Planning with a Power of Attorney

There are two different ways of planning with a power of attorney, and they have very different purposes, as explained in the article that asks “Does your estate plan use the right type of Power of Attorney for you?” from Next Avenue. Less than a third of retirees have a financial power of attorney, according to a study done by the Transamerica Center for Retirement Studies. Most people don’t even understand what these documents do, which is critically important, especially during this Covid-19 pandemic.

The Durable Power of Attorney for Finance.  The Durable POA refers to the fact that this POA will endure after you have lost mental or physical capacity, whether the condition is permanent or temporary. It lists when the powers are to be granted to the person of your choosing and the power ends upon your death.

Under Florida law, the Durable POA is effective the moment you sign the document.

Some people decide to name their spouse as their immediate agent or “attorney-in-fact”, and if anything happens to the spouse, the successor agents are the ones who need to get doctors’ letters. If you need doctors’ letters before the person you name can help you, ask your estate planning attorney for guidance.

The type of impairment that requires planning with a power of attorney for finance can happen unexpectedly. It could include you and your spouse at the same time. If you were both exposed to Covid-19 and became sick, or if you were both in a serious car accident, this kind of planning would be helpful for your family.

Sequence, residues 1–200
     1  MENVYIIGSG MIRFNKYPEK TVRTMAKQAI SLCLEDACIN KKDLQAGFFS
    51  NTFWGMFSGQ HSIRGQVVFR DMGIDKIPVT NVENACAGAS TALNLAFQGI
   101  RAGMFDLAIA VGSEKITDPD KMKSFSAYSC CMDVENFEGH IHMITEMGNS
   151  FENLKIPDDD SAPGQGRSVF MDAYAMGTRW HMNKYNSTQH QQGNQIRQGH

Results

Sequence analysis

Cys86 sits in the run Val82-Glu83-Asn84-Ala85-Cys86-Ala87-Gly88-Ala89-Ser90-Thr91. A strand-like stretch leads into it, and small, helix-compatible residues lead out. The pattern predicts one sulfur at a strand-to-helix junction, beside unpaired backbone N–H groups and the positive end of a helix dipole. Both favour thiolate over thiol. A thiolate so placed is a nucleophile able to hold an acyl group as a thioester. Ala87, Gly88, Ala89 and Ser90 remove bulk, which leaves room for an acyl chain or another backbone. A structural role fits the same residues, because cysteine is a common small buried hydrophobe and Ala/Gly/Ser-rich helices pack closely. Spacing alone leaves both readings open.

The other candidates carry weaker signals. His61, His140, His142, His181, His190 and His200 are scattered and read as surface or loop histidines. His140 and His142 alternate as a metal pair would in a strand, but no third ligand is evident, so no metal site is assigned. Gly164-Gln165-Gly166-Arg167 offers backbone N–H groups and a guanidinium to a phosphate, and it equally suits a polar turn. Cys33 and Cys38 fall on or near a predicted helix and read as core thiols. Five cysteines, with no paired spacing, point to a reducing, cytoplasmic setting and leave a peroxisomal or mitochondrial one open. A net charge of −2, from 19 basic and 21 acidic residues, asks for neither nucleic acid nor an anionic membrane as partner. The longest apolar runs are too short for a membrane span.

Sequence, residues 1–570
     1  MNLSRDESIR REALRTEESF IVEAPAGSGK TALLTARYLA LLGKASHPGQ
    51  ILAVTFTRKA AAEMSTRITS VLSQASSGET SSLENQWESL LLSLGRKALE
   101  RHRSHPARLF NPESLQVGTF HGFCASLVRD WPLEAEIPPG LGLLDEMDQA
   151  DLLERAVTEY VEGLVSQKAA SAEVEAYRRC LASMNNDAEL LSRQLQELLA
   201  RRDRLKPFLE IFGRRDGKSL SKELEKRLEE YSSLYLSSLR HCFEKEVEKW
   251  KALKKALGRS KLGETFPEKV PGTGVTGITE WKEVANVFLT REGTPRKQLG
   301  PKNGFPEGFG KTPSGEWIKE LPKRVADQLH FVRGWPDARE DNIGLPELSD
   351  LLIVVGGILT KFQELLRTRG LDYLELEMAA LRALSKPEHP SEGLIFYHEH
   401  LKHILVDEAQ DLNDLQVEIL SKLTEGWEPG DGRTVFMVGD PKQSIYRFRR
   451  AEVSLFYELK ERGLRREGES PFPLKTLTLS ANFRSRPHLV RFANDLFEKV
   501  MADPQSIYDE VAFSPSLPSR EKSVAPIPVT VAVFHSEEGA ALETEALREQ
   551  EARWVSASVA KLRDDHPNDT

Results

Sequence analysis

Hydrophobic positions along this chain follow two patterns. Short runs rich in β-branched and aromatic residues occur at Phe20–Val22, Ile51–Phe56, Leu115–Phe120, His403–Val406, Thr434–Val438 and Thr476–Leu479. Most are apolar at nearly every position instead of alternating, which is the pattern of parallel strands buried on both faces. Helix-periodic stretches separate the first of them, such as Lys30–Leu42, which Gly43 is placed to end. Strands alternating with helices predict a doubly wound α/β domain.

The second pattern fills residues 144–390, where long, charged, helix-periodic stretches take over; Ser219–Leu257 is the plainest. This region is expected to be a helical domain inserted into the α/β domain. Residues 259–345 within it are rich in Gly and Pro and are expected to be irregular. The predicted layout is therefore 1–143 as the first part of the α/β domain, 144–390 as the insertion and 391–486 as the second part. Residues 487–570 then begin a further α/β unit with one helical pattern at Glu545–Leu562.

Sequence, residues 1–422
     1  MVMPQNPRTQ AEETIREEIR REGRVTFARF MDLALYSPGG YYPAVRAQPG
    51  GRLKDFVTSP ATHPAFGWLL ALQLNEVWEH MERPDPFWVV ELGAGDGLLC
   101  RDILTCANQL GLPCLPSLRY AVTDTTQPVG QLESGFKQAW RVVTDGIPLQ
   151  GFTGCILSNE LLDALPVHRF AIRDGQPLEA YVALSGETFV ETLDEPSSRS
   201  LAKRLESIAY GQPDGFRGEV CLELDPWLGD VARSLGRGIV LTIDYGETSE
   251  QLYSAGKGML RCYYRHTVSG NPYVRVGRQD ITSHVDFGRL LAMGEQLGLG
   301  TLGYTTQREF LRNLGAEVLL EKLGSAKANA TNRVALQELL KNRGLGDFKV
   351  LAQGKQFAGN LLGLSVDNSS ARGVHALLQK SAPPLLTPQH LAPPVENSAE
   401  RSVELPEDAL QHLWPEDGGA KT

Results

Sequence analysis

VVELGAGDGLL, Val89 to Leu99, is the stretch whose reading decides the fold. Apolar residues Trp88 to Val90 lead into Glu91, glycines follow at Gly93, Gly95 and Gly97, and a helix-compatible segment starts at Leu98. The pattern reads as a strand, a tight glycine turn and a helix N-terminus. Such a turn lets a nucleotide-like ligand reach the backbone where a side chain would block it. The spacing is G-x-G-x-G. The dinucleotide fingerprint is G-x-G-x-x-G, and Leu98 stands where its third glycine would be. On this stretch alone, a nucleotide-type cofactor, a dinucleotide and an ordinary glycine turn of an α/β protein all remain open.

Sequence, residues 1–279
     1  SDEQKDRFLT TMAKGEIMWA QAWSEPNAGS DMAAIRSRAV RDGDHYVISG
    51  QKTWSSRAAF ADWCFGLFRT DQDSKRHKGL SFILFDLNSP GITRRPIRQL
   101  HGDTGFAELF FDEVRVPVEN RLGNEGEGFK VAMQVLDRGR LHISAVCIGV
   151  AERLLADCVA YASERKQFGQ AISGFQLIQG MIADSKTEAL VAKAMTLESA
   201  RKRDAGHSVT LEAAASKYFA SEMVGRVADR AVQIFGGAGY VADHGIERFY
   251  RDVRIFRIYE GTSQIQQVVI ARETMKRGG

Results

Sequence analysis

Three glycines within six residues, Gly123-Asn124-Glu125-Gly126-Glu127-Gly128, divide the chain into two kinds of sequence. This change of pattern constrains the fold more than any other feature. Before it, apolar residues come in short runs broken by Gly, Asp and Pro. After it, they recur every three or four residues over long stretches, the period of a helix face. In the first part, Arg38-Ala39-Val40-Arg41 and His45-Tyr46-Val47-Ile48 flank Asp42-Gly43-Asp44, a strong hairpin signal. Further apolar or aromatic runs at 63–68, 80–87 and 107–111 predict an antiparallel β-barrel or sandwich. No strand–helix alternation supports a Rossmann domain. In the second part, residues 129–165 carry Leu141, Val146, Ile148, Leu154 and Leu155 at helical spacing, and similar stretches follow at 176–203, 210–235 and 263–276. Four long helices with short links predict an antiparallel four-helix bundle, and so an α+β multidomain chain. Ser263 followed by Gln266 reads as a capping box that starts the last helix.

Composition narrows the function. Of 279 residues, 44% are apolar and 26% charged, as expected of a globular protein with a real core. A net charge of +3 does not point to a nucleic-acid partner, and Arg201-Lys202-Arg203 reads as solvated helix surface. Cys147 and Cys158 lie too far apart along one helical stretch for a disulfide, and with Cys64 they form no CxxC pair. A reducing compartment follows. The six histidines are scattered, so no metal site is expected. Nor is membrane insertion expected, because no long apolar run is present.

It’s also important to choose the right person to be your attorney-in-fact. Ask yourself this question: If you gave this person your checkbook and asked them to pay your bills on time for a few months, would you expect that they would be able to do the job without any issues? If you feel any sense of incompetence or even mistrust, you should consider another person to be your representative.

If you should recover from your incapacity, your attorney-in-fact is required to turn everything back to you when you ask. If you are concerned this person won’t do this, you need to consider another person.

Broad powers are granted by a Durable POA. They allow your attorney-in-fact to buy property on your behalf and sell your property, including your home, manage your debt and Social Security benefits, file tax returns and handle any assets not named in a trust, such as your retirement accounts.

The personal representative of your will, your trustee, and attorney-in-fact are often the same person. They have the responsibility to manage all of your assets, so they need to know where all of your important records can be found. They need to know that you have given them this role and you need to be sure they are prepared and willing to accept the responsibilities involved.

Your advance directive documents are only as good as the individuals you name to implement them. Family members or trusted friends who have no experience managing money or assets may not be the right choice. Your estate planning attorney will be able to guide you to make a good decision.

We can help you with planning with a power of attorney.

Reference: Market Watch (Oct. 5, 2020) “Does your estate plan use the right type of Power of Attorney for you?”

Suggested Key Terms: Durable, Springing, Power of Attorney, Estate Planning Lawyer, Trustee, Will, Social Security, Executor, Assets, Advance Directive Documents, Incapacity

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